The church parish of COUGHTON includes the civil parishes of Coughton and Sambourne. Sambourne we have already looked at. Coughton (or Great Coughton anciently) was the administrative centre for both parts; the parish church for things ecclesiastical; Coughton Court for things manorial.
|The Throckmortons of Fladbury(Worcs)
received Coughton through marriage to the Spineys, lords of Coughton, in the 15th cent.
An early member of the family at Coughton, Sir Robert,enclosed Coughton Park (which encompassed the present Coughton Wood) and died on pilgrimage to Palestine.
The Throckmortons made the Court as it is today, building on the original Spiney house. The family eventually acquired much land in the area, including Sambourne, Spernall,Oversley, Exhall,Wixford and Upton Haselor. Their loyalty to the old religion meant that Coughton and the manors above contained sizeable catholic populations, breaking up the protestant areas around them.
Coughton is unusual in having two churches within the grounds of the manor house --- the mediaeval one (Anglican since the 16th century) and a Roman Catholic one,built in 1857.
Sir Robert in the 16th cent. supported a chantry priest among whose duties was teaching a grammar school; short-lived one would thinky, with Henry Viii's closure of chantries. Education came to the fore again in 1709, when the Throckmortons augmented the Anglican vicar's salary on condition that he taught in a school set up by local people: this was also probably short-lived. In 1850 a Catholic school was started in cottages in Coughton Lane and lasted until after 1900. The National School began life in the 1860s in Wyke Lane, being enlarged by another building in Coughton Lane in 1962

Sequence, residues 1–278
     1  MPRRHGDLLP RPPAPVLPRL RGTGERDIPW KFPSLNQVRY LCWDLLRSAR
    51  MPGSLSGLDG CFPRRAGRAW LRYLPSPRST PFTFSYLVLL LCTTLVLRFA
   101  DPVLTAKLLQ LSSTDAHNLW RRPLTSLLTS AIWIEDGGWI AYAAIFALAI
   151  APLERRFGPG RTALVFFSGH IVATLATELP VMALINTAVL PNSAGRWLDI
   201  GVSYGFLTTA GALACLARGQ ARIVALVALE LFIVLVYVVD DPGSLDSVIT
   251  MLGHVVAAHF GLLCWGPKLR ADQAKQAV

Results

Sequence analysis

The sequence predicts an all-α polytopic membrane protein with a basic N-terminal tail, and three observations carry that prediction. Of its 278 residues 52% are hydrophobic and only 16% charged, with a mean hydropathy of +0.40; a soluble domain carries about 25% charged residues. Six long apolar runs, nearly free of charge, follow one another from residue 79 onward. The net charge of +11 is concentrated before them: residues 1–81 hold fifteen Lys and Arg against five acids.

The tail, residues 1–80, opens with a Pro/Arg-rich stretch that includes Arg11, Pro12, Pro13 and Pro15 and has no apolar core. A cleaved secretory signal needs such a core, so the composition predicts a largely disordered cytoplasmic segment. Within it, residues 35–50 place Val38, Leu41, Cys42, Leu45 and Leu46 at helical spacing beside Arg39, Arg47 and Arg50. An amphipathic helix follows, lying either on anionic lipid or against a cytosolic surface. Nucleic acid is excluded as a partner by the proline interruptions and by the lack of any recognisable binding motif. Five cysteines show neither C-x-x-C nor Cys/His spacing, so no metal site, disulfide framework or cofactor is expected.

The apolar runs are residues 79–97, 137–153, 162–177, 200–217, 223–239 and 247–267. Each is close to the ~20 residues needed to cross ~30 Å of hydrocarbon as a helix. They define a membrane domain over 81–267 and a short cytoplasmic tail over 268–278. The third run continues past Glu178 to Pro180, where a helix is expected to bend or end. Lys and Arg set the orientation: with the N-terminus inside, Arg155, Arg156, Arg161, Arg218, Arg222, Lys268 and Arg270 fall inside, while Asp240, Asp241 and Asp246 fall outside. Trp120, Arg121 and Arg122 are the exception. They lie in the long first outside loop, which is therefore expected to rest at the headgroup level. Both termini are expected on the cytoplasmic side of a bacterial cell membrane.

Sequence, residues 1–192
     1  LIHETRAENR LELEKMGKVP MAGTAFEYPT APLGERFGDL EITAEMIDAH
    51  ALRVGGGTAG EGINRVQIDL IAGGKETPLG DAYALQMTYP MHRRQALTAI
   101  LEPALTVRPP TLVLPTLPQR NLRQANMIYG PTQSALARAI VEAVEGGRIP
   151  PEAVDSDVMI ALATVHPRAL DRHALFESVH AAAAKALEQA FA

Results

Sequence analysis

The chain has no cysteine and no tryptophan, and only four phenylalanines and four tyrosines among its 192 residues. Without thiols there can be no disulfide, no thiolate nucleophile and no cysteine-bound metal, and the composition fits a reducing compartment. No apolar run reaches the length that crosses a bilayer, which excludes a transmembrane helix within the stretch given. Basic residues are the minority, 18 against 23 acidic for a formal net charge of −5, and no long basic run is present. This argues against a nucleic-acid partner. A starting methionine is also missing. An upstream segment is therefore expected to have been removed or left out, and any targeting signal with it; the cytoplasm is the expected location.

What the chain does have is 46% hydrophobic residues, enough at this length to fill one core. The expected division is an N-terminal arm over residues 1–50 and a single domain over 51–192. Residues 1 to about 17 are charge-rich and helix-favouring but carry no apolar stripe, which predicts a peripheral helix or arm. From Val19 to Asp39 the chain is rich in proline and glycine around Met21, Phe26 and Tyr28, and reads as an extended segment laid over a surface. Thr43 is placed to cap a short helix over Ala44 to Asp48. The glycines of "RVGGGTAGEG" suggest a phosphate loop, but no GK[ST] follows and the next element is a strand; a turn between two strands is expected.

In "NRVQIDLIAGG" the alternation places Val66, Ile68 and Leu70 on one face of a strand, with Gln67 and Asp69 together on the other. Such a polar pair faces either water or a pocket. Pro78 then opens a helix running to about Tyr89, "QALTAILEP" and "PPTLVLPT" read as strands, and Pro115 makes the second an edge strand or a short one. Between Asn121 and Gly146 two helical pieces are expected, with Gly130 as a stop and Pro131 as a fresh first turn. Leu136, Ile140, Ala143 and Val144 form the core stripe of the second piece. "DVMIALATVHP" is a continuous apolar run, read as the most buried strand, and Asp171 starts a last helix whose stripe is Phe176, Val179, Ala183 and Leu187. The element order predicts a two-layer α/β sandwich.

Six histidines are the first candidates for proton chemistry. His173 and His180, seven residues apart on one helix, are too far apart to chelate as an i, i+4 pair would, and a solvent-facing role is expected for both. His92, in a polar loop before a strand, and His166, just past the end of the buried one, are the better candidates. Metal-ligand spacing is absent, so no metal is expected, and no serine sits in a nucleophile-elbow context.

Over the centuries, the village of Coughton has moved. Apart from the Court, the inhabitants were mainly concentrated along the lane to the ford,some near the main road to Studley, others in a settlement beyond the ford. They were all farm houses. The village gradually transferred to the main road and to Coughton Lane after the 17th century and since then has also extended up Sambourne Lane and further up Coughton Lane.
Coughton Mill and the parish pound,both of which have vanished,were close by the ford,though the original mill was at the settlement further down the ford lane.
Summer 1993 Index